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Landlords must prepare for Universal Credit roll out

Sally Walmsley
Written by Sally Walmsley

The roll out of Universal Credit continues apace, with tax expert Bill Irvine warning landlords they must be prepared if they have tenants who rely on benefits to pay their rent.
The Department for Work and Pensions has announced that the digital system will be rolled out from May this year in Bath, Newcastle, Rugby, Bridgewater and Lowestoft.
A further 25 Job Centre Plus (JCP) areas will be added between July to December, with the expectation that all JCP areas will be completed by June 2018.

The roll out of Universal Credit continues apace, with tax expert Bill Irvine warning landlords they must be prepared if they have tenants who rely on benefits to pay their rent.

The Department for Work and Pensions has announced that the digital system will be rolled out from May this year in Bath, Newcastle, Rugby, Bridgewater and Lowestoft.

A further 25 Job Centre Plus (JCP) areas will be added between July to December, with the expectation that all  JCP areas will be completed by June 2018.

The move is significant, in that in most areas claims have been restricted to single “working age” adults, whereas the digital system deals with all claimant types including couples, couples with children, single parents, people with disabilities and those working full and part-time.

So far in areas where Universal Credit has been introduced a significant number of landlords – 50-60% have been able to negotiate direct payments. However full implementation of the system could see problems arise around a range of issues, from Alternative Payment Arrangements, backdating of claims and overpayments to situations arising from couples splitting up and households combining.

Bill, who delivers training courses on Universal Credit on behalf of the RLA said: “Clearly, this represents a major step forward for DWP and Universal Credit’s future.

“Social and private landlords, in the areas identified, can expect a significant increase in Universal Credit claims from all tenant types, as the “gateway” conditions that currently apply to restrict claims to mainly single men are effectively removed. “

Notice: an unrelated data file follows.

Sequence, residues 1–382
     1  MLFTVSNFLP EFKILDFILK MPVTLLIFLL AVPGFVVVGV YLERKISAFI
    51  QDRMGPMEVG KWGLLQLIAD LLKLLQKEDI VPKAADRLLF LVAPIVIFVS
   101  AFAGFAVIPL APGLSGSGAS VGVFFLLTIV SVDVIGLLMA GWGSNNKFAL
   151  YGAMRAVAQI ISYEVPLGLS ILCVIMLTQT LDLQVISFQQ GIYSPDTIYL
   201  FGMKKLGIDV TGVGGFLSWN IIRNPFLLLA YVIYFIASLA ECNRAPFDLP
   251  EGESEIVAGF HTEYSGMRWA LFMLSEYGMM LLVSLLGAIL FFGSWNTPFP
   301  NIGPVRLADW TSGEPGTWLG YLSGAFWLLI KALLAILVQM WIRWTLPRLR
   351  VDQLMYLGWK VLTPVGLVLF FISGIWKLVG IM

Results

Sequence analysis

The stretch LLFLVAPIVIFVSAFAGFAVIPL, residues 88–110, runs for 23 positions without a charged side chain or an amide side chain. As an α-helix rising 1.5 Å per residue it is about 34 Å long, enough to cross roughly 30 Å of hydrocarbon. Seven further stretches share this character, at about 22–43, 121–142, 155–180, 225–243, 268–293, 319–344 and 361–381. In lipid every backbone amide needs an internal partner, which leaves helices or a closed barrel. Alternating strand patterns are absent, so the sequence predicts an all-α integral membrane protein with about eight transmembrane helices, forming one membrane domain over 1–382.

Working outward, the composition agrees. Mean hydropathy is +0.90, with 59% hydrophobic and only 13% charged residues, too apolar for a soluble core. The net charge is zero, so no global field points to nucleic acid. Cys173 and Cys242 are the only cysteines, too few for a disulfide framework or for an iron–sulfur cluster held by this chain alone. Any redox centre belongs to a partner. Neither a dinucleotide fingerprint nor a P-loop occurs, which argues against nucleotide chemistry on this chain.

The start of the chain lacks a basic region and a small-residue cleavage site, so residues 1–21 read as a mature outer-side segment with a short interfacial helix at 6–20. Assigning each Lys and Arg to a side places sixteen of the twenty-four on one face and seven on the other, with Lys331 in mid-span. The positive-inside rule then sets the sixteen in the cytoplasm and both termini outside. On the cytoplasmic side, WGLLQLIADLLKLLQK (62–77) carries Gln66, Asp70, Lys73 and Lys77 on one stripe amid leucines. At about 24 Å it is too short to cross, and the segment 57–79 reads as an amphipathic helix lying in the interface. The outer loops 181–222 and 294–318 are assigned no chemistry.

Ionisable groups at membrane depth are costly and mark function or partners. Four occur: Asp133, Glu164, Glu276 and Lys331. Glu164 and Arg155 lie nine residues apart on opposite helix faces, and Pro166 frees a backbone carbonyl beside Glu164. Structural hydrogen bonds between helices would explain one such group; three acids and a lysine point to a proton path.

Bill said that many social and private landlords in the Manchester, Liverpool and Wirral areas, where Universal Credit is already in operation, received only one months notice before implementation and has advised landlords not to get caught napping.

He said: “Being prepared should now be a priority if you’re a landlord heavily engaged in Local Housing Allowance type tenancies. You need to be fully conversant with these new and sometimes very complex issues.

“​Don’t anticipate assistance from DWP, as to date, it has operated at arms-length, is quite ambivalent to tenant/landlord enquiries/complaints and recently banned landlords from utilising its “Complaints Process” when trying to secure compensation for wholly avoidable rental loss.

“If you’d like to find out more about Universal Credit then I’d encourage you to attend one of the RLA’s training courses  in London, Manchester or Birmingham.”

For Bill’s latest bulletins on Universal Credit click here.

About the author

Sally Walmsley

Sally Walmsley

Sally Walmsley is the Communications Manager for the RLA and award-winning Editor of RPI magazine. With 16 years’ experience writing for regional and national newspapers and magazines she is responsible for producing articles for our Campaigns and News Centre, the weekly E-News newsletter and editorial content for our media partners.

She issues press releases promoting the work of the RLA and its policies and campaigns to the regional and national media and works alongside the marketing team on the association’s social media channels to build support for the RLA and its work.

2 Comments

  • I’ve had no payment from my tenant since jan 10th due to change of circumstances she was put on Universal Credit its now march and its been a right nightmare no one will tell you what’s going on even though I qualified for rent to come to me inc arrears and they wont speak to you unless you have tenants DOB and national Ins number they also ask other info.
    Not one of them know what there doing I was told I’d receive a payment on 17th march and didn’t get it.
    I rang up yesterday and they told me my task was due to complete at 10am this morning and I’d get a phone call which I did and was told ill get a pyment next tue I will only get £450 so where the hell has the other money gone what was due to me.

    There like bodyguards to the tenants and it makes me so mad I will never take another Universal Credit tenant again absolute digrace I’m nearly 2k down.

    The stress they cause landlords we still have to pay our mtges

  • I have a single man as a tenant. He is a jobbing builder so has sporadic work and in between contracts he claims housing benefits. On his last claim he was told he would be put on to Universal Credit. He told them his next rent due date was 28th April giving them plenty of time to pay. Eventually he was told his next payment would not be until 12th May then 4 weekly thereafter. When he said that would make him two weeks late with his rent their answer was, so……… Really!!

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